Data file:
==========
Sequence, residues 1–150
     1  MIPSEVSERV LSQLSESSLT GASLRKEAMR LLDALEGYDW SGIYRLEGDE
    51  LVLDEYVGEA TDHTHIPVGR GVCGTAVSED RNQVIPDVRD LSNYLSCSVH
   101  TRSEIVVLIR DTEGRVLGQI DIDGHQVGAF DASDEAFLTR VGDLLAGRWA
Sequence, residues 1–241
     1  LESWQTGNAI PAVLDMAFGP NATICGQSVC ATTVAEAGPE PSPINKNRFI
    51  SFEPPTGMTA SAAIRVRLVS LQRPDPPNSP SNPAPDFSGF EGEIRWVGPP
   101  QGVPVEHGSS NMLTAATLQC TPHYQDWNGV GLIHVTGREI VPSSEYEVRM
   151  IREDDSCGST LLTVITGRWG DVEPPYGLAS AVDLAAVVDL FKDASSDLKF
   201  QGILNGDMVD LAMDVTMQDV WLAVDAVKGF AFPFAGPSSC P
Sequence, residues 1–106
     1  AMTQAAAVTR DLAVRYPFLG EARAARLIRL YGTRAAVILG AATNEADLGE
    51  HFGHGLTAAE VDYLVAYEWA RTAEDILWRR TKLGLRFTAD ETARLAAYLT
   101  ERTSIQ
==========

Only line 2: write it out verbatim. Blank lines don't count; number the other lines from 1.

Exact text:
     1  MIPSEVSERV LSQLSESSLT GASLRKEAMR LLDALEGYDW SGIYRLEGDE